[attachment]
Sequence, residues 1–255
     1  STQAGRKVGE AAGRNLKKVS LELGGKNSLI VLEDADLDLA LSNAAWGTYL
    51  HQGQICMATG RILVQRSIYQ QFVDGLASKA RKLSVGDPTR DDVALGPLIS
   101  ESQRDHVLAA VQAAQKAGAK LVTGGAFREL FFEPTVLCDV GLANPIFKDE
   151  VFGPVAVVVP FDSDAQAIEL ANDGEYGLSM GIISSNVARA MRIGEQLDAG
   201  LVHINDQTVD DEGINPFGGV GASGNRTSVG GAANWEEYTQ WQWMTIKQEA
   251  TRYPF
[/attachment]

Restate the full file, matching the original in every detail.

Sequence, residues 1–255
     1  STQAGRKVGE AAGRNLKKVS LELGGKNSLI VLEDADLDLA LSNAAWGTYL
    51  HQGQICMATG RILVQRSIYQ QFVDGLASKA RKLSVGDPTR DDVALGPLIS
   101  ESQRDHVLAA VQAAQKAGAK LVTGGAFREL FFEPTVLCDV GLANPIFKDE
   151  VFGPVAVVVP FDSDAQAIEL ANDGEYGLSM GIISSNVARA MRIGEQLDAG
   201  LVHINDQTVD DEGINPFGGV GASGNRTSVG GAANWEEYTQ WQWMTIKQEA
   251  TRYPF